Travellers returning from overseas can expect to go through unprecedented airport security screenings as Australia bolsters its defences against a devastating outbreak of African swine fever.
There will be more sniffer dogs, biosecurity officers and X-ray machines at airports across Australia over the summer, as part of the $66 million package to protect Australia's $5 billion pork industry.
The disease, which kills about 80 per cent of the pigs it infects but isn't dangerous to humans, is now on Australia's doorstep after being detected in South-East Asian countries including Cambodia, East Timor, Indonesia and Vietnam.
Authorities are particularly concerned about travellers returning from the Indonesian island resort of Bali, a favourite overseas spot for Australian travellers, and home to many domestic pigs.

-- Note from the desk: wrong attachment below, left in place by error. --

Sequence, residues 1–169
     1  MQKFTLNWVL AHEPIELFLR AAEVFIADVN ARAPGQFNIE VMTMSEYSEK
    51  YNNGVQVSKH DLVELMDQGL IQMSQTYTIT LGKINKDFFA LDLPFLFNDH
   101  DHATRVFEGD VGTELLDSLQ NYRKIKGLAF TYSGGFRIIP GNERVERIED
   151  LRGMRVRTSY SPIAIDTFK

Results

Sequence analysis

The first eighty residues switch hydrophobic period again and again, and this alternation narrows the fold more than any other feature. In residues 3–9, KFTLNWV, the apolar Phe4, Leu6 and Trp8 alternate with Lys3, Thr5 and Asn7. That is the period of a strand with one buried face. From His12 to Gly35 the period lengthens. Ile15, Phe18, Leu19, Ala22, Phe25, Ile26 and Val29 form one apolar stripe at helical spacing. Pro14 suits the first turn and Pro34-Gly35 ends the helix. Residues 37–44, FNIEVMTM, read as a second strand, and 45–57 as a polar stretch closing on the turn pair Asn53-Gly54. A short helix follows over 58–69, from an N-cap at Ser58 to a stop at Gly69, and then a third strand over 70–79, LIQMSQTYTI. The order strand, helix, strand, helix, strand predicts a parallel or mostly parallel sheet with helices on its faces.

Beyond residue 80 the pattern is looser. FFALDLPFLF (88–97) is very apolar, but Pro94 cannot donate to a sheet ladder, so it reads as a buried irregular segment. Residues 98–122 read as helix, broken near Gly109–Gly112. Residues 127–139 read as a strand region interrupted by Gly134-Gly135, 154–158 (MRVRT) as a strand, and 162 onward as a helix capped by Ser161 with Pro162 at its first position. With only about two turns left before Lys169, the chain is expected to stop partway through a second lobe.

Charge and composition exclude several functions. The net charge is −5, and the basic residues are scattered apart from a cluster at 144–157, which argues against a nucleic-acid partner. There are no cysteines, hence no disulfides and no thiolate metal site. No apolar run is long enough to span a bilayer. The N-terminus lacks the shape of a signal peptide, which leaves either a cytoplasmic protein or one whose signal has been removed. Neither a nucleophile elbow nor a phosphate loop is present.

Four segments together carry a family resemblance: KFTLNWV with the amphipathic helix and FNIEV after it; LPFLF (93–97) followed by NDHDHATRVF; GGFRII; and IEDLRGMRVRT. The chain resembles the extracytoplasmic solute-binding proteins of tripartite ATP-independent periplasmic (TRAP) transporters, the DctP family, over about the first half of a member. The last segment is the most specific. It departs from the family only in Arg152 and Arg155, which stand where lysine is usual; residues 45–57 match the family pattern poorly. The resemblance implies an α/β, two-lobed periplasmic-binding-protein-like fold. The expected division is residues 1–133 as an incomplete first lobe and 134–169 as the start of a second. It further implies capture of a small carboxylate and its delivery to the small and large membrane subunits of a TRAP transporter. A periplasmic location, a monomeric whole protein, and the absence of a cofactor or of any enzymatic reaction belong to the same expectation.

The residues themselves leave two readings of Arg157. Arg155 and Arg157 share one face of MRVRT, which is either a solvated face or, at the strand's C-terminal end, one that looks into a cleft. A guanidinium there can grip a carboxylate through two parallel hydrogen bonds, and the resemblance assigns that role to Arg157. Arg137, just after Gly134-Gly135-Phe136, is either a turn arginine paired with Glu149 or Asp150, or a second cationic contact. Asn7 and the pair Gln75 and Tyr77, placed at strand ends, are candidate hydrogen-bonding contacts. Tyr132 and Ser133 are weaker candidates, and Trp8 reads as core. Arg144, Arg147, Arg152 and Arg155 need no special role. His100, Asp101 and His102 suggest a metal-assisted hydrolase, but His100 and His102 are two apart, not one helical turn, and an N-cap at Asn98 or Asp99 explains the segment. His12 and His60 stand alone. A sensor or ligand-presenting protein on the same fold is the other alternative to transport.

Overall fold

Federal Agriculture Department biosecurity head Lyn O'Connell warned Australians arriving home from overseas to declare any goods and activities, or risk heavy penalties and fines.
“If you're going overseas, think hard about what you bring back and if you visit a farm or go off track to a rural area, declare it when you come home and avoid bringing high-risk products in your luggage and remove potentially contaminated soil on your shoes and camping gear,” she said.
Travellers who provide false or misleading information may receive a $420 fine or face civil or criminal charges.
A Vietnamese woman was deported in October for failing to declare more than 4.5 kg of pork in her luggage, along with squid, quail and eggs.